has very little to do with violence, although Hollywood has
                    overdone it a bit. Those who see violence as central theme
                    to this film, just do not understand the underlying concept.



                    As to other movies that deal with existence, I suppose you
                    could make up quite a list.



                    The one which I like the most is, "Wages of Fear", of 1953
                    and staring Yves Montand. The original French title was
                    "Salaire de la peur". It was later redone [poorly], in 1977
                    as "The Sorcerer" staring Roy Scheider.



                    The other movie that I enjoy is "The Fountainhead", with
                    Gary Cooper. A very existentialist film. It shows an
                    architect who chooses for himself, instead of for the crowd.



                    eduard
                  • Mark and Bev Tindall
                    ... I don t really care what anyone else thinks about my opinion. An abundance of testosterone is no substitute for intelligence! Fighting and violence is a
                    Message 9 of 12 , May 2, 2003
                      eduard wrote:


                      > once more Mark makes a statement which no
                      > one else has made [fighting is a true masculine
                      > pursuit] and then proceeds to say it is wrong.


                      I don't really care what anyone else thinks about my opinion. An abundance of testosterone is no substitute for intelligence! Fighting and violence is a stupid, irrational, illogical, ratbag and irresponsible course of action for anyone. None of my friends advocate fighting and violence.



                      > It's just a movie Mark. You are focusing upon
                      > the surface aspects


                      I am coming to the movie from film semiotics ... which you should study rather than put forward your own misguided interpretation of the film. All art carries content. The content of this film is dual. The good content is the realisation that materialism is not the answer. The bad content is the condoning of violence. Men, in particular, could take some lessons from the pacifist males like Ghandi, Martin Lurther King, John Lennon and Jesus the Messiah. Fighting and violence is not the answer.



                      > You are missing the message of men having
                      > something that is fundamentally theirs, against a > world of Ikea.


                      But what they have is of no ultimate importannce and does not help anyone. Instead, it destroys others ... and ultimately themselves.


                      > There is tremendous mutual love in those
                      > fights.


                      There is no love in violence. It is a contradiction.



                      Mark

                      [Non-text portions of this message have been removed]
                    • Mark and Bev Tindall
                      ... Those who don t see violence as a central theme have no understanding of film semiotics or contemporary art criticism. Even the title suggests violence
                      Message 10 of 12 , May 2, 2003
                        eduard wrote:


                        > Those who see violence as central theme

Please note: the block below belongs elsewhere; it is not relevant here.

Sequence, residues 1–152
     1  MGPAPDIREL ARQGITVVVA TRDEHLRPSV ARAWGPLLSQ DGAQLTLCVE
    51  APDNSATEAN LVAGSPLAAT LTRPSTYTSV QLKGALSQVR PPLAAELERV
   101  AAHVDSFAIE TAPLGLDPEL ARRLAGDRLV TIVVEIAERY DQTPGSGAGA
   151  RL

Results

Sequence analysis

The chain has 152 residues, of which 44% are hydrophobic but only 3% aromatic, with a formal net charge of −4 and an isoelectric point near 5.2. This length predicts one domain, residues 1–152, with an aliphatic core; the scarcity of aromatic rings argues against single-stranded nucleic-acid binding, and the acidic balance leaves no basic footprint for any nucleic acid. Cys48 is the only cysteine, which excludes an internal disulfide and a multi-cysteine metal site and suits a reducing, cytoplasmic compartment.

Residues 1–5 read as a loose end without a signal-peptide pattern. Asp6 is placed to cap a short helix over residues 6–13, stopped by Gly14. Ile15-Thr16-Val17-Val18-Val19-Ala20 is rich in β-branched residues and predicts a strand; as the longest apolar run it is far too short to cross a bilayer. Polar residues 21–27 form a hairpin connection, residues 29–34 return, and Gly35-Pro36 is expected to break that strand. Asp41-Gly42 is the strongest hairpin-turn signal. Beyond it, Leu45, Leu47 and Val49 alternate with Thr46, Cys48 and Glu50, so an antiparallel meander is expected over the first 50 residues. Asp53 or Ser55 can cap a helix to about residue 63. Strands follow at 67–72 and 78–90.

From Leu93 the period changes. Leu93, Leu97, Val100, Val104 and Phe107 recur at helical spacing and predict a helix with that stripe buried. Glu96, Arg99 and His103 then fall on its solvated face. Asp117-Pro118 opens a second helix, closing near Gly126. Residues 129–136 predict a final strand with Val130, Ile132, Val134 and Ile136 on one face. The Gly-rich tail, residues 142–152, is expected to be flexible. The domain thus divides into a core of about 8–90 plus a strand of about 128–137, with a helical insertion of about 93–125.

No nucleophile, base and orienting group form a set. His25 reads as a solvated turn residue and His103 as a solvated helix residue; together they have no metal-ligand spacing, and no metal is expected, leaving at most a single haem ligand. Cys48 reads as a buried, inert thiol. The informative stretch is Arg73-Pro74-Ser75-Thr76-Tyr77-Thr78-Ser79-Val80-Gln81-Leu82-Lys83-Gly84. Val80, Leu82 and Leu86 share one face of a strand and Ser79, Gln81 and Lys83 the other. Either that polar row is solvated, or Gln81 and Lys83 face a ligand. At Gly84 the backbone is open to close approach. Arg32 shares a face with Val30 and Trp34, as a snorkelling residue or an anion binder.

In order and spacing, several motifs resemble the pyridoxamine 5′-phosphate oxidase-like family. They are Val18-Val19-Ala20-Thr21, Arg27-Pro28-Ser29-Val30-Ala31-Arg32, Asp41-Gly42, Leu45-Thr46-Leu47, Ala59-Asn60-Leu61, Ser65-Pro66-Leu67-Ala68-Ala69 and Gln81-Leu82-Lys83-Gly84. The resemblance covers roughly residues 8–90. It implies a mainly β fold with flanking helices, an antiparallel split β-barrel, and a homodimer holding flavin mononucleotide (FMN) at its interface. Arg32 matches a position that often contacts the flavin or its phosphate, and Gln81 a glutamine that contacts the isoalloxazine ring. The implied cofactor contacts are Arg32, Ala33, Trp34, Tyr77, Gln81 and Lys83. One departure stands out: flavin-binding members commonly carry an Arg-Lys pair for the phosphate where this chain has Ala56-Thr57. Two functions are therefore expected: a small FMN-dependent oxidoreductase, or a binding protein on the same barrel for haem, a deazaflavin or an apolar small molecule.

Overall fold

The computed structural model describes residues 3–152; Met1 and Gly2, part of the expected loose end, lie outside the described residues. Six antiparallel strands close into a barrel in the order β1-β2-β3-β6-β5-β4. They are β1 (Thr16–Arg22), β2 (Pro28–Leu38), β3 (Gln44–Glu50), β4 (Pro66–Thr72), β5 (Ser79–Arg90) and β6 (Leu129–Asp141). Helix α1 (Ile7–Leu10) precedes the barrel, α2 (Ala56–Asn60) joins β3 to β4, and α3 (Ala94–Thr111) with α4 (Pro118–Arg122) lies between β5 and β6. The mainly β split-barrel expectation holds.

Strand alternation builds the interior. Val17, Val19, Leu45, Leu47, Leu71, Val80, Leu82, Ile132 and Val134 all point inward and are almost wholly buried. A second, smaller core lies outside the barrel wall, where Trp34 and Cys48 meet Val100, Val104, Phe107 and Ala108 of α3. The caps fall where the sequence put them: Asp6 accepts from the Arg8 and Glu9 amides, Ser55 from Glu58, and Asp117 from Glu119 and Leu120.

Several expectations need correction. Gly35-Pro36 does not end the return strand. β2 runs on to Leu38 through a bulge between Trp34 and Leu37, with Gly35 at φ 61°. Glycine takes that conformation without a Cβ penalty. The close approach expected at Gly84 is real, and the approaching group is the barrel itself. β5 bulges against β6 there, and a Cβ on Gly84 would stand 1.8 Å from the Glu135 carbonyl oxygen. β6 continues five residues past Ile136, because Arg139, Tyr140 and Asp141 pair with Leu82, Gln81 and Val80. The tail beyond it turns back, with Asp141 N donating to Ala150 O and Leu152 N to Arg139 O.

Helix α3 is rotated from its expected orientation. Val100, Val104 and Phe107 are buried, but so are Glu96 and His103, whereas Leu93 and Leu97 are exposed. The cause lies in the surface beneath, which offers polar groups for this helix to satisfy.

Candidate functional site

> to this film, just do not understand the
                        > underlying concept.



                        Those who don't see violence as a central theme have no understanding of film semiotics or contemporary art criticism. Even the title suggests violence ... 'The FIGHT Club'! I speak as an artist.



                        > The other movie that I enjoy is "The
                        > Fountainhead", with Gary Cooper. A very
                        > existentialist film.


                        Ayn Rand is a Romanticist and NOT an Existentialist! This book (and film) has NOTHING to do with existentialism! Look up Ayn Rand's background in a Google search and check for yourself.


                        Mark

                        [Non-text portions of this message have been removed]
                      • yeoman
                        Mark, Did you actually see the film?? eduard ... From: Mark and Bev Tindall To: Sent: Friday, May 02,
                        Message 11 of 12 , May 2, 2003
                          Mark,

                          Did you actually see the film??

                          eduard

                          ----- Original Message -----
                          From: "Mark and Bev Tindall" <tindall@...>
                          To: <existlist@yahoogroups.com>
                          Sent: Friday, May 02, 2003 6:03 AM
                          Subject: Re: [existlist] Re: fight club


                          > eduard wrote:
                          >
                          > > Those who see violence as central theme
                          > > to this film, just do not understand the
                          > > underlying concept.
                          >
                          > Those who don't see violence as a central theme have no
                          understanding of film semiotics or contemporary art
                          criticism. Even the title suggests violence ... 'The FIGHT
                          Club'! I speak as an artist.

                          [snip for space] ...
                        • Mark and Bev Tindall
                          ... Yes ... and I have a video of it as well. It helps to know how to read art. Mark [Non-text portions of this message have been removed]
                          Message 12 of 12 , May 2, 2003
                            eduard wrote:


                            > Did you actually see the film??


                            Yes ... and I have a video of it as well. It helps to know how to read art.


                            Mark

                            [Non-text portions of this message have been removed]